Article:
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The Numbers and Facts on Latino Voters, Latino Polling, and Immigration

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With Latino voters playing such a critical role in the 2012 political cycle, we offer some important numbers regarding Latino voter projections, Latino polling and methodology, and the relationship between Latino voter behavior and immigration:

  • 74% to 26%: Latino Decisions’ LD Vote Predict projection tool now predicts that President Obama will beat Mitt Romney by a 74%-26% margin among Latino voters nationwide.
  • 38%: The Latino vote benchmark the Romney campaign set for itself, as touted by Hispanic Leadership Team co-chair Jose Fuentes.
  • 6 points or 48 points?  Matt Barreto of Latino Decisions writes how some polls get the Latino vote and others don’t.  For example, “Monmouth University released a poll in which Romney leads Obama 48% to 45%.  Among Latinos, they report Obama leads by just 6 points – 48% to 42%.”  Barreto contrasts the Monmouth poll with eight other national polls of Latino voters conducted in October – from impreMedia/Latino Decisions, NBC/Telemundo, CNN/ORC, and the Pew Hispanic Center.  The average of these eight polls shows a whopping 48-point advantage for Obama – 70.3% to 21.9% for Romney – among Latino voters across the country.  So, what to do and how to make sense of the varying polls?  Latino Decisions thankfully provides a detailed explanation of what makes for solid methodology in Latino polling.  The keys: sufficient sample sizes; survey a representative sample of the Latino population within the state or nationally; and conduct a representative number of interviews in Spanish.
  • “As much as 4 full points”:  Barreto writes that not only can the methodological errors listed above skew Latino-focused polls, but they also can “create problems with the overall national estimates.”  Barreto provides a scenario for the 2012 electorate in which Latino voters comprise a round 10% of the electorate and uses the Monmouth poll and the average of the 8 Latino-focused polls to make his point: “If Latinos are only leaning to Obama 48-42, that +6 edge among 10% of the electorate only contributes a net 0.6 advantage to Obama (4.8 for Obama to 4.2 for Romney).  However, if instead Obama is leading 70.3 to 21.9 that +48.4 edge contributes a net 4.8 advantage to Obama (7.0 to 2.2), hence the national polls may be missing as much as 4 full points in Obama’s national numbers.”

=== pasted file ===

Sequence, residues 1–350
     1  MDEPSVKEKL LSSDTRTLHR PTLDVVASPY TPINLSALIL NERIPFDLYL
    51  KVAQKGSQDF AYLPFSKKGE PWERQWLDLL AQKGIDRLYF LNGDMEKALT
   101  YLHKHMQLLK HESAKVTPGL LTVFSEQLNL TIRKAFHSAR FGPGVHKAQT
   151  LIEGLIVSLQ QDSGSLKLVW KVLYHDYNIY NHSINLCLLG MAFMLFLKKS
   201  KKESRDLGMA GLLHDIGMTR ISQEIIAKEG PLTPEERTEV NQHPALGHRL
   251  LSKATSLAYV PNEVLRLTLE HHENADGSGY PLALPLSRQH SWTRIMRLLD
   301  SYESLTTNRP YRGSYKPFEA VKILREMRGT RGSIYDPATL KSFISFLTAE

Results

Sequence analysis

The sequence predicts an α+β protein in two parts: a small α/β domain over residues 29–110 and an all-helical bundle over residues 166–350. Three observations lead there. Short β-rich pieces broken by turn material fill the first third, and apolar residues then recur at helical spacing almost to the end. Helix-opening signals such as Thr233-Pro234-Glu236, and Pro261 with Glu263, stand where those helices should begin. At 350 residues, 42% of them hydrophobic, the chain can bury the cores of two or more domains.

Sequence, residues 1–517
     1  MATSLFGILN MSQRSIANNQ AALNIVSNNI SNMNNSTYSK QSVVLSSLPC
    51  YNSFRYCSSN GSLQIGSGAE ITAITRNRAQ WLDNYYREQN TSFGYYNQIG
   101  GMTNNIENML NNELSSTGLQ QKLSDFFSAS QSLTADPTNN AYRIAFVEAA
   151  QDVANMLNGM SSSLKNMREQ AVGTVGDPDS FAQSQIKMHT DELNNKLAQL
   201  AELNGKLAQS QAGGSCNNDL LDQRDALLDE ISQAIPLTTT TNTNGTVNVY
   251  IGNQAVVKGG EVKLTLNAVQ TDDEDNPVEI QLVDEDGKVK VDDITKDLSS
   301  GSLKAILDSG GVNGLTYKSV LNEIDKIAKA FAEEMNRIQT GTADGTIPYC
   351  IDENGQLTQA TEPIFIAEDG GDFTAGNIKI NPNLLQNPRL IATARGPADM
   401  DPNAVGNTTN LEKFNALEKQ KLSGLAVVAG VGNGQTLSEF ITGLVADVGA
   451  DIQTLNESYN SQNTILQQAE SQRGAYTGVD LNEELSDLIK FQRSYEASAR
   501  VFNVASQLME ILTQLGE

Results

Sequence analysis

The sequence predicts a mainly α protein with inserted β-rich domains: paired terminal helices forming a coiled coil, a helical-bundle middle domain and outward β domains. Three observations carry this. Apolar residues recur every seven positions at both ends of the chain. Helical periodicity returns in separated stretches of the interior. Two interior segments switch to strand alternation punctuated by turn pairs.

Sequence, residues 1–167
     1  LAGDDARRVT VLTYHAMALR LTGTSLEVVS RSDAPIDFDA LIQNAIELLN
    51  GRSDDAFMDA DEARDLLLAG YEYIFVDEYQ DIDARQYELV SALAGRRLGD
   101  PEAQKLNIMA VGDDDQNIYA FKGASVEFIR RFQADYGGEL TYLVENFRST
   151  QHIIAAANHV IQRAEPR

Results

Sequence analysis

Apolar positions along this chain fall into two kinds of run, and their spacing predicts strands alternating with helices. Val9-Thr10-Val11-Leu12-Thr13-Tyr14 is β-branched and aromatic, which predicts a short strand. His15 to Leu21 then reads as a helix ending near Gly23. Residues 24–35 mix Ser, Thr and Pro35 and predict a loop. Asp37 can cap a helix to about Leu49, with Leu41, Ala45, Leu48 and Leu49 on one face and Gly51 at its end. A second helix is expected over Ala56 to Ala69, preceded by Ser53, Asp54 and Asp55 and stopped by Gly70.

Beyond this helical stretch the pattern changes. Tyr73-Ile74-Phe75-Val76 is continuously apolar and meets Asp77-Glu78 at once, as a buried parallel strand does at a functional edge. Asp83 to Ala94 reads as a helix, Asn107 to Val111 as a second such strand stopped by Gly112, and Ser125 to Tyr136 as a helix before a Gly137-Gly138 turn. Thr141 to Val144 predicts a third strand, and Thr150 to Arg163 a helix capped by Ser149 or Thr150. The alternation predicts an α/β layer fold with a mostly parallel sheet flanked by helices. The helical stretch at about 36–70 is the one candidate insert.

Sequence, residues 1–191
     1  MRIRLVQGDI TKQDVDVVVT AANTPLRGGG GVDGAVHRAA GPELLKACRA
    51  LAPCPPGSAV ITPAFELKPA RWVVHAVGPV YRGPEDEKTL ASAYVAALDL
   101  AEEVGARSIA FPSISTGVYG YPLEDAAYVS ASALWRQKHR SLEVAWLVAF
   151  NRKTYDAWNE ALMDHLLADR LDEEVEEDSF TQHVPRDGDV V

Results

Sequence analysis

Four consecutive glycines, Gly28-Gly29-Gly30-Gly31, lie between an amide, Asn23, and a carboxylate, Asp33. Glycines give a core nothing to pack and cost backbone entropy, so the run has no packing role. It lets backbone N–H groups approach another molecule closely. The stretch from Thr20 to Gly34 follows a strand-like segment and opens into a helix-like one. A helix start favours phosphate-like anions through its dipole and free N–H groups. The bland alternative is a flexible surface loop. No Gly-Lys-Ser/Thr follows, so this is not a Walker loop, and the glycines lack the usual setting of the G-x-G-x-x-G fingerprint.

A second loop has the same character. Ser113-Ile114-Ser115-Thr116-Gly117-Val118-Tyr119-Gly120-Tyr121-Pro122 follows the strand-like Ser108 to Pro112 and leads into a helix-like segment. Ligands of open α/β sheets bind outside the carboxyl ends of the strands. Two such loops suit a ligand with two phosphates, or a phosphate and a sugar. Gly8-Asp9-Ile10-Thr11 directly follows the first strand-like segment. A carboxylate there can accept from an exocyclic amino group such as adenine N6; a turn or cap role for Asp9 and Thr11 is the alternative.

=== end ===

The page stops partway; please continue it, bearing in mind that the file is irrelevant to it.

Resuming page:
• 12.2 million: NALEO projects that Latino voter turnout in the 2012 elections will reach an all-time high of 12.2 million voters.
  • 26%: According to NALEO, the 12.2 million figure would represent a 26% increase from the 2008 elections, when 9.7 million Latinos voted.
  • 8.7%: According to the NALEO projections, Latino voters will comprise 8.7% of the national electorate in 2012, including 16.7% in Arizona, 11% in Colorado, 13.9% in Florida, 33.8% in New Mexico, and 13.5% in Nevada.
  • 2013 and Immigration: Thanks in large part to the growth and the potentially pivotal role played by Latino voters in 2012, immigration reform is poised to be a major part of the post-election storyline and a top item on the “What’s Next in Washington?” agenda.  In newly-released comments from his previously off-the-record conversation with the Des Moines Register editorial board, President Obama stated, “The second thing I’m confident we’ll get done next year is immigration reform.  And since this is off the record, I will just be very blunt.  Should I win a second term, a big reason I will win a second term is because the Republican nominee and the Republican Party have so alienated the fastest-growing demographic group in the country, the Latino community.  And this is a relatively new phenomenon.  George Bush and Karl Rove were smart enough to understand the changing nature of America.  And so I am fairly confident that they’re going to have a deep interest in getting that done.  And I want to get it done because it’s the right thing to do and I’ve cared about this ever since I ran back in 2008.”